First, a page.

An orphaned backup in 1980, the Wildcat was prepared for Gary Bettenhausen to give this old veteran driver a chance to qualify. He qualified the car as the slowest in the field but finished an impressive 3rd in what was to be the last decent finish ever for a Offy four-banger engine.
One of the most successful Wildcats of them all was this 1976-type Wildcat II. Wally Dallenbach finished 4th with it in both 1976 and 1977. From 1978 on it was a Sherman Armstrong entry. Tom Bigalow finished 21st in 1978, Howdy Holmes 7th in 1979. Finally in 1980, Gary Bettenhausen was the slowest qualifier in 1980, yet finished third on the last-ever occasion that an Offy completed the full 500 miles. Definitely one of the most illustrious of all Wildcats ever built. (Indianapolis Motor Speedway photos, used with permission)
Bettenhausen narrowly beat Gordon Johncock in a Patrick-owned Penske-Cosworth PC6 in the process… The Amstrong-entered Wildcat had made the race while another much more fancied Armstrong entry, the March-built Orbiter had failed to do so…
Another Wildcat entered in that 1980 race was a true crowd favourite. Rookie Roger Rager had built a Chevy V8 stock block into a type-1979 Wildcat. According to Rager the engine had started its life powering a school bus! Rager even led two laps in the race, be it under the yellow flag, but the car was an early retirement in lap 55 due to an accident.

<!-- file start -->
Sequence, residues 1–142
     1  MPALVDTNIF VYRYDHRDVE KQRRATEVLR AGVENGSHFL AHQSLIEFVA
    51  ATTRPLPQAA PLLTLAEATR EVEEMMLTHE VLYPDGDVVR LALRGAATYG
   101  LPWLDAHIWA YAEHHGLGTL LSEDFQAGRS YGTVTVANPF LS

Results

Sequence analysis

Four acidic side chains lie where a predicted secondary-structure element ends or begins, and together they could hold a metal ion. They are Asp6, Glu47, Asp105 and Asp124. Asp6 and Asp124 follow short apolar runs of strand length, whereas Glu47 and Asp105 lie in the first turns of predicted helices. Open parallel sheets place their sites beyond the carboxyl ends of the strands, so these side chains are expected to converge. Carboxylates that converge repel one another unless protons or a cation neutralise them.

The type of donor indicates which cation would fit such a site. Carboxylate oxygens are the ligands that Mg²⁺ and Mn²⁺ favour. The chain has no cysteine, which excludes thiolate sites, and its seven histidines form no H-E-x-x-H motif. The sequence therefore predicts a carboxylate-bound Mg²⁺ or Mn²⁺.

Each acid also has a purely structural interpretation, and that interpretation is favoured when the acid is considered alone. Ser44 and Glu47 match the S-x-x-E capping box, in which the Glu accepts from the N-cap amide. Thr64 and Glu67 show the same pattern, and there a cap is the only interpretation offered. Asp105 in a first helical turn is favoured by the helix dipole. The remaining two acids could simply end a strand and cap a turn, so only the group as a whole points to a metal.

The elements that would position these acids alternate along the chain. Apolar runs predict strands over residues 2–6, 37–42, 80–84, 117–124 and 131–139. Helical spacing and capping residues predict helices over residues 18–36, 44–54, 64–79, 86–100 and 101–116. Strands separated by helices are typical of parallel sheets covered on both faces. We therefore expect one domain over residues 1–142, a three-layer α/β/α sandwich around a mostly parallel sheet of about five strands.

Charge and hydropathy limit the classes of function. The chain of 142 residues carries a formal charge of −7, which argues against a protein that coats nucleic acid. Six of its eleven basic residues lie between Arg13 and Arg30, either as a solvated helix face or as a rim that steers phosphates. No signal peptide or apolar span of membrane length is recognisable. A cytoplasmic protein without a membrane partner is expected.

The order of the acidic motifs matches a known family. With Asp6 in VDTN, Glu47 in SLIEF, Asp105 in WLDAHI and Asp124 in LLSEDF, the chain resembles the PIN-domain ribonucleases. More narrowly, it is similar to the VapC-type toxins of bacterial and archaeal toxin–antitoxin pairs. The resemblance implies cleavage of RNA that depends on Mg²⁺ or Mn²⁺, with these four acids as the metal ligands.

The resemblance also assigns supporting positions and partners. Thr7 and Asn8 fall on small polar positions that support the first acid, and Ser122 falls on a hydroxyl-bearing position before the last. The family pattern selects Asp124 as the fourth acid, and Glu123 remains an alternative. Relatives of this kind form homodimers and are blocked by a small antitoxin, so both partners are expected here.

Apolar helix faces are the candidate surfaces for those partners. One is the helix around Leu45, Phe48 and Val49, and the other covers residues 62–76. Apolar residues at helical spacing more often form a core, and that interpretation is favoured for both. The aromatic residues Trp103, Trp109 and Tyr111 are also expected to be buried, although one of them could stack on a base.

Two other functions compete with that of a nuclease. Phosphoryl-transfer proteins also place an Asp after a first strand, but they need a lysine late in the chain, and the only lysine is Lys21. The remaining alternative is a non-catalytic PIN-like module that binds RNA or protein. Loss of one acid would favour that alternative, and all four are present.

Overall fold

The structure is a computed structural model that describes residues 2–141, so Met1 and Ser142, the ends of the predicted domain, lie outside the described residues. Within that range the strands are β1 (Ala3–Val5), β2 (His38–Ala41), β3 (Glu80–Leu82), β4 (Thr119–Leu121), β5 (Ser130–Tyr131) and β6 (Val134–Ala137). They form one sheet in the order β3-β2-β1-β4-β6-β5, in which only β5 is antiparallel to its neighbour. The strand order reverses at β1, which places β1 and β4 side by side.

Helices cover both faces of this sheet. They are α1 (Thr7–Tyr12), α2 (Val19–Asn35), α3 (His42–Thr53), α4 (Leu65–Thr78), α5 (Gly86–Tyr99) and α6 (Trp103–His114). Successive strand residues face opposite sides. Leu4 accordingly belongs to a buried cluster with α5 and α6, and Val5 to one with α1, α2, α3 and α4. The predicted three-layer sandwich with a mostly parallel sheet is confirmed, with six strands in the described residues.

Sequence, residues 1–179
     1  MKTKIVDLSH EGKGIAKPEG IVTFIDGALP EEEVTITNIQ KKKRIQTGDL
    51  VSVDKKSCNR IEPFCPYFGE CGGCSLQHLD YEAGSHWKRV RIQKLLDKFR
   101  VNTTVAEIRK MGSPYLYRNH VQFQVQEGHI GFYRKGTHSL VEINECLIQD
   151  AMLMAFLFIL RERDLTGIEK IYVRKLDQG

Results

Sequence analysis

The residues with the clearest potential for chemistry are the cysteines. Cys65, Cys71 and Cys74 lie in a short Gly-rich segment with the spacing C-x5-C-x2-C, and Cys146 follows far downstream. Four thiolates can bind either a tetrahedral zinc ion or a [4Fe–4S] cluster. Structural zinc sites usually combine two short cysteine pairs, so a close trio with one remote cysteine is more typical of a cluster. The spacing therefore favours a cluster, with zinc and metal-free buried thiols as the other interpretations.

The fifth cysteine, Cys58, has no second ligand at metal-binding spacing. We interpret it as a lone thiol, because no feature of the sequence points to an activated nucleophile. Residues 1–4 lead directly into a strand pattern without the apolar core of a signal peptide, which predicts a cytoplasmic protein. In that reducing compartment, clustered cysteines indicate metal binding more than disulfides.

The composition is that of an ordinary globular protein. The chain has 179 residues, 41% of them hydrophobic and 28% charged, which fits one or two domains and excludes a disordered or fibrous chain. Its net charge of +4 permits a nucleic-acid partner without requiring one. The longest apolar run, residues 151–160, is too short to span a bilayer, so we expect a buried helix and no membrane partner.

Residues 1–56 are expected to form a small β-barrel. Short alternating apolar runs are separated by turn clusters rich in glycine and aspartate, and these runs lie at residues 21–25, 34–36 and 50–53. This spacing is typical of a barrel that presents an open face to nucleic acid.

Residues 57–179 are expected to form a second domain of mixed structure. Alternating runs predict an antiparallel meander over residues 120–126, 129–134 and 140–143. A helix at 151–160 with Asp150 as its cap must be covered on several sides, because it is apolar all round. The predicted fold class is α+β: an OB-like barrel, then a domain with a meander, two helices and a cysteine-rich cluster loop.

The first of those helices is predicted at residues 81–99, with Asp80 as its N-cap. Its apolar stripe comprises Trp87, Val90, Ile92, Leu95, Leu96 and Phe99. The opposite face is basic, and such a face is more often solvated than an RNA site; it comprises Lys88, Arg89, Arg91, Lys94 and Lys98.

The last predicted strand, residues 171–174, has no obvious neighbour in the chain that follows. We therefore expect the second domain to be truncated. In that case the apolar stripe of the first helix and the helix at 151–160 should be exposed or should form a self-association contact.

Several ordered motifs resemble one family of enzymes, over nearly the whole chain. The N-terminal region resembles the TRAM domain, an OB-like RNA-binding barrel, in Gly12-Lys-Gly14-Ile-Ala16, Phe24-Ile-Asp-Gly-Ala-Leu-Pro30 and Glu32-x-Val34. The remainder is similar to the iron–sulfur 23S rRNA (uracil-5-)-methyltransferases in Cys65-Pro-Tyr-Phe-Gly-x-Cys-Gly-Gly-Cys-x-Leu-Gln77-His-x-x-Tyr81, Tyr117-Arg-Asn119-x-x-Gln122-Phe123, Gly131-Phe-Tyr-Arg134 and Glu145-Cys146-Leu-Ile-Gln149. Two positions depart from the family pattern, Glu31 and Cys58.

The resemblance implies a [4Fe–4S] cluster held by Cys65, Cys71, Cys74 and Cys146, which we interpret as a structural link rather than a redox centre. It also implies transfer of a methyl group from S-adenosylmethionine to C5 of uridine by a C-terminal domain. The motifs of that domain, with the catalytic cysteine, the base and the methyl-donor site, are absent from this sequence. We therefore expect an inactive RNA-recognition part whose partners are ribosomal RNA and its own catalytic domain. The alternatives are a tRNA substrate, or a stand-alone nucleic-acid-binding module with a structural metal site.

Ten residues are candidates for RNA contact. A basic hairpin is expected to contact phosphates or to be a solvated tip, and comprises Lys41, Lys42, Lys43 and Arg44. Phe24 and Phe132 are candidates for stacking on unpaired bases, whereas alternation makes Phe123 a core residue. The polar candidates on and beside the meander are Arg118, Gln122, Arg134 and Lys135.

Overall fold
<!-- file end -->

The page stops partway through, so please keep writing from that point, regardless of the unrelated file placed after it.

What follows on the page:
The Wildcat days gained Patrick one statistic in Indianapolis history that is still a burden to several US racing fans. The winning 1982 Wildcat remains to this day the last-ever car with its chassis built in the USA. Every other winning car since had its chassis built outside the USA, primarily England (March, Lola, Penske, Galmer, Reynard and G Force) or Italy (Dallara).
Patrick Racing’s efforts within racing have been quite interesting because of the Wildcats he built and fielded, one of them always being driven by his faithful driver Gordon Johncock. The bright red cars used between 1975 and 1977 were really good looking and attractive to see.
To my knowledge, there has not been that much published about the Wildcats. Maybe they appear less glorious than some other cars they fought against. Nevertheless, the Wildcat brand certainly performed well at Indianapolis and was a worthy competitor. The 72-76 era is often described as the Eagle-McLaren years. McLaren M16s won in even years, Eagles won in the odd years, all of them Offy-powered. A constant factor to keep an eye on in those years was AJ Foyt and his Coyote-Foyt. But from 1975 on, the Wildcats turned into cars that could not be ruled out. Gordon Johncock became the 1976 USAC national champion, driving a Patrick-owned Wildcat-DGS.
Gordon Johncock’s 1976 Wildcat-DGS in which he won the USAC drivers title that year. In the early years of their careers the Wildcats used engine covers but from 1977 on the DGS powered “cats” left their engines exposed. (Photo: Brian Brown, used with permission)